Bioenergy, Hydropower, Solar, Wind Power

Microbes Make Methane from Waste Wind Power

We’ve long depended on coal-fired and natural gas power plants to convert chemical fuel into electricity. Now, scientists have found a way to convert electricity into a fuel using excess power from renewables like wind and solar.

Scientists from Stanford and Pennsylvania State universities have discovered a process to convert electricity into methane — the main constituent of natural gas — using microbes. The fuel is carbon neutral and can use the excess electricity from renewable sources.

“In a sense, it’s the Holy Grail,” says Alfred Spormann, a professor of chemical, civil and environmental engineering at Stanford who is leading this research. “There is a microbiological way to convert electrical energy into chemical fuel. And methane is the most simple fuel that exists and where we have a fairly good infrastructure.”

While methane holds potential as a fuel source, it is also a potent greenhouse gas. It is released en masse from landfills, factory farms and natural gas spills and has more than 20 times the heat-trapping potential of carbon dioxide. But this microbial methane is different, Spormann says.

“The carbon for the methane comes from atmospheric CO2. So the methane that is produced by the microbial electrosynthesis is essentially carbon neutral and so will all other commodity chemicals that can be produced that way,” he says.

The electricity comes from clean energy like wind and solar and the process utilizes electricity that would otherwise be lost. With outdated transmission systems, wind farms and solar photovoltaic power plants often produce more electricity than can be used or stored. In the Pacific Northwest, wind farms were taken offlinethis past spring because of an increase in hydroelectric power from dams due to springtime snow melt and an outdated grid that couldn’t distribute the additional power.

This microbial technology could turn that excess electricity into useable fuel.

Here’s how the process works: As electricity flows through the cathode, the microbes pick up the electrons and metabolize them, releasing methane as a byproduct. Bruce Logan, a professor of civil and environmental engineering at Penn State, was the first to demonstrate the process in a lab, using a methanogen called Methanobacterium palustre. The microbes were spread on a cathode that was then submerged in nutrient-rich water. When an electrical current was applied, the microbes began producing methane at an 80 percent efficiency rate.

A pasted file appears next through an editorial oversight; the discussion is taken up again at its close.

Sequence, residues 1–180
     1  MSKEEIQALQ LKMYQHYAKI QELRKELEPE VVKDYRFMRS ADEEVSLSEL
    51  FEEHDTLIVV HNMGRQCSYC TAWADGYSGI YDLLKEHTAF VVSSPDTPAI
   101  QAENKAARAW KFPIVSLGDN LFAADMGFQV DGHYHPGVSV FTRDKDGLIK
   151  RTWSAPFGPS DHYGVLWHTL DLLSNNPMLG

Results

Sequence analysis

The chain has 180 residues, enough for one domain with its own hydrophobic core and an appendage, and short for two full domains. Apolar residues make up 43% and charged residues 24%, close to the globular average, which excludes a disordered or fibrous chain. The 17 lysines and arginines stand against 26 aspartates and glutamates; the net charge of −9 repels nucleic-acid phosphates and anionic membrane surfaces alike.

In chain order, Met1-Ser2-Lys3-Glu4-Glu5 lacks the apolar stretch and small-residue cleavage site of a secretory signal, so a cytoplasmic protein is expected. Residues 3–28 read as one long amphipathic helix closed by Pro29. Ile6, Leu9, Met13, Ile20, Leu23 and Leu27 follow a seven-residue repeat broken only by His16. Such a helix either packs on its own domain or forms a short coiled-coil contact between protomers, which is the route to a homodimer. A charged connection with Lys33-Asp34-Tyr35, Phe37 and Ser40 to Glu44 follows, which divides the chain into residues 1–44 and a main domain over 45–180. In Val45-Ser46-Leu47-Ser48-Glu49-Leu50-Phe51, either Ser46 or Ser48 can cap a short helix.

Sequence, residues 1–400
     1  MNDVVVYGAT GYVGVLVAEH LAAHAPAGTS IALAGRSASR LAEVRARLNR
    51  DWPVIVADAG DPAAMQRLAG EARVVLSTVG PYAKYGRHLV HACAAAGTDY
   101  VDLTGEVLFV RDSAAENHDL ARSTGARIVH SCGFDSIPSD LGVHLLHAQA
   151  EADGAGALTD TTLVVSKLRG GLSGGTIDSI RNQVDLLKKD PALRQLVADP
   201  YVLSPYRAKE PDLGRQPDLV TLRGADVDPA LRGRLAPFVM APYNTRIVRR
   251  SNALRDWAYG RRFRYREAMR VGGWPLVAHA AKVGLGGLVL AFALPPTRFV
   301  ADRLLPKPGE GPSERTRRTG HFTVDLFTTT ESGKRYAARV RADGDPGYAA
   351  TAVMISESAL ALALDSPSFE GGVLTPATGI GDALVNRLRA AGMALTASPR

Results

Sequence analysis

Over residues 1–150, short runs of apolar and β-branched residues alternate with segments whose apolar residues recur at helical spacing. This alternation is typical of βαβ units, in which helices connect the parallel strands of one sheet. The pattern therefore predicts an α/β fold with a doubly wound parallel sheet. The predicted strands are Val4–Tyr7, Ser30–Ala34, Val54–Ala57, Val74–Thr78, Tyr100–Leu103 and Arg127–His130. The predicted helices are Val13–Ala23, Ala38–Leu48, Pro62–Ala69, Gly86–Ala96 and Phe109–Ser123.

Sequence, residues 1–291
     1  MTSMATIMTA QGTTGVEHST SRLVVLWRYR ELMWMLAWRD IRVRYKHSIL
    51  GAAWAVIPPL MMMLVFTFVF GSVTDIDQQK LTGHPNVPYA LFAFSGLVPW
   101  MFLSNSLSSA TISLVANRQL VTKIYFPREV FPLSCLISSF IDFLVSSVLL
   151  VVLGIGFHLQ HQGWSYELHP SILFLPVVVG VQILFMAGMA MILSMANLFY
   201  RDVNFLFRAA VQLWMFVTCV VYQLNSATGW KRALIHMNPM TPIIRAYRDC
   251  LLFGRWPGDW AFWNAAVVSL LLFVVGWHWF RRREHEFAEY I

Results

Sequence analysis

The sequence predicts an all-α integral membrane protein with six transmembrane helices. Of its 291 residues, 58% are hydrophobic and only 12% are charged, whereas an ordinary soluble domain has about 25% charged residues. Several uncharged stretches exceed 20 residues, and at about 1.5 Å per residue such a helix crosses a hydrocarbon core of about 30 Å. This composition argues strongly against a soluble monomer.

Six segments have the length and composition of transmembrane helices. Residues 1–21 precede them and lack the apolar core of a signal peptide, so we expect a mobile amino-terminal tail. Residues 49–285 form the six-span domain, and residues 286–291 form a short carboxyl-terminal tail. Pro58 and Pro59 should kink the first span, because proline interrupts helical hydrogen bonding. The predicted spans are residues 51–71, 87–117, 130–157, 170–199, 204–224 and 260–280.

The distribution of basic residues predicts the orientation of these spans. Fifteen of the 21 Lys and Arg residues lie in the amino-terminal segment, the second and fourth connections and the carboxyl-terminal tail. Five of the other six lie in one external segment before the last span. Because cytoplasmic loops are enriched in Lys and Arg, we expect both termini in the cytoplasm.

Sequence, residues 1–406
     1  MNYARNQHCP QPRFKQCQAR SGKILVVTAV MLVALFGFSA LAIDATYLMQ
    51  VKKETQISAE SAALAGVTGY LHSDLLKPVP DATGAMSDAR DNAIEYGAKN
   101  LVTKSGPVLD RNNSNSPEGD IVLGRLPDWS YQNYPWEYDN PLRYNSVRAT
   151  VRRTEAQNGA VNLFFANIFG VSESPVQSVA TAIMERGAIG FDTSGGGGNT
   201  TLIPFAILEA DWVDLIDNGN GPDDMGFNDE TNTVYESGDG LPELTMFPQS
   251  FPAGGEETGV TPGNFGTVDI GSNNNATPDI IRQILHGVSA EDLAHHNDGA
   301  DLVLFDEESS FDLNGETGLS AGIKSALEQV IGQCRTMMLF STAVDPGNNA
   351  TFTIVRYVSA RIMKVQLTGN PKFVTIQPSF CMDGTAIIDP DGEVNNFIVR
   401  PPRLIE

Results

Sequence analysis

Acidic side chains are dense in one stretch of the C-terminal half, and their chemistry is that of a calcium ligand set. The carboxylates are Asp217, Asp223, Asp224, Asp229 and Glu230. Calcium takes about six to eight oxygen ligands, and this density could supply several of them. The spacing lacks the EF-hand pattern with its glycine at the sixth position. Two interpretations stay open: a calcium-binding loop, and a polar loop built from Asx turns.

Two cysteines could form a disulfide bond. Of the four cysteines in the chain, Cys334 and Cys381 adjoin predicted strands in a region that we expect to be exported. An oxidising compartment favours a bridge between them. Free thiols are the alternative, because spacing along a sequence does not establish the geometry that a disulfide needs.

But while researchers have successfully converted electricity to methane in the lab, Spormann says there are still gaps in their understanding before they can take this technology to a larger scale. “We have no idea how the enzymes are controlled,” he says. “You need to see what makes this process stable. We don’t understand the ecology of the microorganisms in these electrons to make this process stable and scalable.”

The researchers are working to identify the best candidates for conversion, by studying community mixtures of microbes, bacteria and archaea (other single-celled microorganisms). And Logan is working on advancing cathode technology to increase methane production and making electrodes from more cost-effective materials then the precious metals currently used.

Eventually, they foresee large-scale application of the technology, with microbe cultures across the country churning out methane that can be stored, channeled to various locations using existing natural gas pipelines, and used to fuel everything from airplanes to cars.

Spormann says he anticipates a working prototype within a few years. “Some prototypes we probably could have in three years,” he says. “Then the next question is to scale this up and we have to see what challenges come, but that’s been a great interface between electric chemistry and microbiology and chemical engineering.”

This article was originally published on ecomagination and was republished with permission.

Lead image: Moon Rise behind the San Gorgonio Wind Farm, courtesy Flickr user Caveman Chuck Coker